Words of wisdom have a way of entering our lives, just when the view becomes out of focus and we are drawn into the monotony of day-to-day life. This is my introduction to my feelings towards Palestine.
These feelings were awakened in me after reading an excellent book by Mourid Barghouti, the famous Palestinian poet. "I saw Ramallah". It is touching but most of all, very personal; an unattached account of what Palestinians go through today. Here is an excerpt from the book that touched my soul:
"So, when Yitzhak Rabin spoke so eloquently of the tragedy of Israelis as absolute victims, and the eyes of his listeners in the White House garden and in the whole worlds grew wet, I knew that I would not forget for a long time his words that day:
`We are the victims of war and violence. We have not known a year or a month when mothers have not mourned their sons.'
I feel a tremor that I know so well and which I feel when I know that I have not done my best, that I have failed: Rabin has taken everything, even the story of our death.
This leader knew how to demand that the world should respect Israeli blood, the blood of every Israeli individual without exception. He knew how to demand that the world should respect Israeli tears, and he was able to present Israel as the victim of a crime perpetrated by us. He changed facts, he altered the order of things, he presented us as the initiators of violence in the Middle East and said what he said with eloquence, with clarity and conviction. I remember every word Rabin said that day:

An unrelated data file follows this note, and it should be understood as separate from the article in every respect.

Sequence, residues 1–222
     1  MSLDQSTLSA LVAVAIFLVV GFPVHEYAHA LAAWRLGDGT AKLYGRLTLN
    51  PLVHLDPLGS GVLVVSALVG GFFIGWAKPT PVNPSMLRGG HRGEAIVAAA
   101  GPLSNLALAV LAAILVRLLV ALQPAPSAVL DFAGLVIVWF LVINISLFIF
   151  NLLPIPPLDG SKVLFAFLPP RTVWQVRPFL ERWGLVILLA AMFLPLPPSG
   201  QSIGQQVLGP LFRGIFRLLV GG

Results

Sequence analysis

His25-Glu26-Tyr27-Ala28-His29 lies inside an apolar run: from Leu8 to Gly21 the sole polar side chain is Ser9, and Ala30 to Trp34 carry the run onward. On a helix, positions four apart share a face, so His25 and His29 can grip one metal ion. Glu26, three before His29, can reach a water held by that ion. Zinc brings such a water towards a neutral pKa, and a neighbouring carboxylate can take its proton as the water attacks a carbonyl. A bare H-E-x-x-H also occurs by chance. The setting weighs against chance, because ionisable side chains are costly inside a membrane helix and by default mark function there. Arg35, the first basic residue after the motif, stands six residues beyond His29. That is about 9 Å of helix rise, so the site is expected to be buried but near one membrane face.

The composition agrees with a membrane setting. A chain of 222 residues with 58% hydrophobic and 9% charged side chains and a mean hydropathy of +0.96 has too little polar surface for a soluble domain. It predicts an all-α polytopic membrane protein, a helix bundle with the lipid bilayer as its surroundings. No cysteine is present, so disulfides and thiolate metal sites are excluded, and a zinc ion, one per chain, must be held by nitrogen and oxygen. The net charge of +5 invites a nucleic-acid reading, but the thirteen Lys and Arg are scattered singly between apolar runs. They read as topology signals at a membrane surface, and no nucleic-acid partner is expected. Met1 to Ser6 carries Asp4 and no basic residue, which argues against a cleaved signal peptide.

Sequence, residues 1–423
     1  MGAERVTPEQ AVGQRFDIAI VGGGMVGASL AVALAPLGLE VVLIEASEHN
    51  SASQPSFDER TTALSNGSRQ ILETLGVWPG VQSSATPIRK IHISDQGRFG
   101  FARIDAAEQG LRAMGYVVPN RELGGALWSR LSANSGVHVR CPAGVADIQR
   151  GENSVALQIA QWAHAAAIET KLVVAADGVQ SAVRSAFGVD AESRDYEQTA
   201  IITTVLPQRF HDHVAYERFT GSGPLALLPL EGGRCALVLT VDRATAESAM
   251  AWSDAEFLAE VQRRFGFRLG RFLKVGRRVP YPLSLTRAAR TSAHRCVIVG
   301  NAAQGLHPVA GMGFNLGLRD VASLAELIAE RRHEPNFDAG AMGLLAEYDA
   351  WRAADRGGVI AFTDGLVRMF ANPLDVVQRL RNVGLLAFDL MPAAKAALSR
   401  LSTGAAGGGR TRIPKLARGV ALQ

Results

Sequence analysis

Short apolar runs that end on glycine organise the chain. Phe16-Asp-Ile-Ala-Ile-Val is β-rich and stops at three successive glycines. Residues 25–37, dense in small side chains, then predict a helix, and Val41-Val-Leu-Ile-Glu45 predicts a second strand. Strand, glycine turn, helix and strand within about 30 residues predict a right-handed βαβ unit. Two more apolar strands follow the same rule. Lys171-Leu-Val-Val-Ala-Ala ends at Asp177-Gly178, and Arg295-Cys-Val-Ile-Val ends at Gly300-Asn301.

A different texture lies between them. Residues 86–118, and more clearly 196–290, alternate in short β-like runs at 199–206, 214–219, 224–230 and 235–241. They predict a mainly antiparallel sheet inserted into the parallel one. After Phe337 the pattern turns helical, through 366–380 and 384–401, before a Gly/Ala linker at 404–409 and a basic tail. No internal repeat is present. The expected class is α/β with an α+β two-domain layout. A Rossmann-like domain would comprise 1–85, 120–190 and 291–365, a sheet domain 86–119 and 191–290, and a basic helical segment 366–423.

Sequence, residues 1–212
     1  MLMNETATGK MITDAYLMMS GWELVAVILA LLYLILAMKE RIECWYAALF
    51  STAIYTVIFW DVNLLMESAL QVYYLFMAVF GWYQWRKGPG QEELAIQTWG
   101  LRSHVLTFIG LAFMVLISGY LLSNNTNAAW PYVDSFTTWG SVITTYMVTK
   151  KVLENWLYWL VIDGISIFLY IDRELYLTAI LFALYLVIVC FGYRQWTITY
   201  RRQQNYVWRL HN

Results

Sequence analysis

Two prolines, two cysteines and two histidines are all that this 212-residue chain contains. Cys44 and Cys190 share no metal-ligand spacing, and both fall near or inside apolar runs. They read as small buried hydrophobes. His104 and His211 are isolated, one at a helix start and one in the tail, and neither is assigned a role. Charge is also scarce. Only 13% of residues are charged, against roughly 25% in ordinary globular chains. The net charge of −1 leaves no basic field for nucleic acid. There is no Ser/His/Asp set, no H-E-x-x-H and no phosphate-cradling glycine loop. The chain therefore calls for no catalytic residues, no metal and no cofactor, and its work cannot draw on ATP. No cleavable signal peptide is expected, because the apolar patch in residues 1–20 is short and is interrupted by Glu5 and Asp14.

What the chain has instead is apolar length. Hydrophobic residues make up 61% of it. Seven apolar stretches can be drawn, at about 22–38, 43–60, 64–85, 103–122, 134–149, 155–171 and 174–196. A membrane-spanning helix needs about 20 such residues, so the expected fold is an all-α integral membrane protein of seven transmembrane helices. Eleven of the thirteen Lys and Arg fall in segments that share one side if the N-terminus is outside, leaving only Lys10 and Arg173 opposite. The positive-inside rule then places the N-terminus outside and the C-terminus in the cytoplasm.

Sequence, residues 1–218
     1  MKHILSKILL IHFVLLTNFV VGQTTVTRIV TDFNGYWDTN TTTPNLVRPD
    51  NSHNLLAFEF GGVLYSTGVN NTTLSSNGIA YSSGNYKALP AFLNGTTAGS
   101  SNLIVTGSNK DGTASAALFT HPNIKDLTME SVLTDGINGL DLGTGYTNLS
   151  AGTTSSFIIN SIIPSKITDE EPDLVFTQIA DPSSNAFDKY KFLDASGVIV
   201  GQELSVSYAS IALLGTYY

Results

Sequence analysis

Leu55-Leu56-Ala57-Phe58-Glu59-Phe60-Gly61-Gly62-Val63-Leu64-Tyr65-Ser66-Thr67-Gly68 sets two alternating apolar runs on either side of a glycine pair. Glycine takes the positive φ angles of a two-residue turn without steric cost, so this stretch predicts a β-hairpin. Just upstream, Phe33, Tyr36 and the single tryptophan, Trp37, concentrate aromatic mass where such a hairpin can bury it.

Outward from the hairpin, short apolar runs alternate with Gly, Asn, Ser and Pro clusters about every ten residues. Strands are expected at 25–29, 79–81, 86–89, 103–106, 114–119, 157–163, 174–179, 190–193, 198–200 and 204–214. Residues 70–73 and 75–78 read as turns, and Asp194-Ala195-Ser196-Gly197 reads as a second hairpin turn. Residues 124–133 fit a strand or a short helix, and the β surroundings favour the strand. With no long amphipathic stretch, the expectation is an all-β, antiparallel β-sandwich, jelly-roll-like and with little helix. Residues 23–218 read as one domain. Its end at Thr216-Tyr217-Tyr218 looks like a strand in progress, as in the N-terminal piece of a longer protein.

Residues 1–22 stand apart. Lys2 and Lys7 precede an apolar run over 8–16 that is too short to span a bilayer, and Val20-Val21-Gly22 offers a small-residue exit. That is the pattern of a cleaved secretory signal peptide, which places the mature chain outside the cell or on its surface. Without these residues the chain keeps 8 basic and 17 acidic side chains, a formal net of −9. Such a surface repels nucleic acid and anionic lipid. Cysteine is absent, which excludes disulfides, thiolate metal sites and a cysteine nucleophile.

`We, the soldiers coming back from the war, smeared with blood, we saw our brothers and our friends killed in front of us, we attended their funerals unable to look into the eyes of their mothers. Today we remember each one of them with eternal love.'
It is easy to blur the truth with a simple linguistic trick: start your story with `secondly'. Yes, this is what Rabin did. He simply neglected to speak of what happened first. Start your story with "secondly", and the world will be turned upside down. Start your story with `secondly' and the arrows of the Red Indians are the original criminals and the guns of the white men are entirely the victim. It is enough to start with `secondly', for the anger of the black man against the white to be barbarous. Start with `secondly' and Ghandi becomes responsible for the tragedies of the British. You only need to start with `secondly', and the burned Vietnamese will have wounded the humanity of the napalm, and Victor Jara's songs will be the shameful thing and not Pinochet's bullets, which killed so many thousands in the Santiago stadium. It is enough to start the story with `secondly', for my grandmother, Umm `Ata, to become the criminal and Ariel Sharon the victim."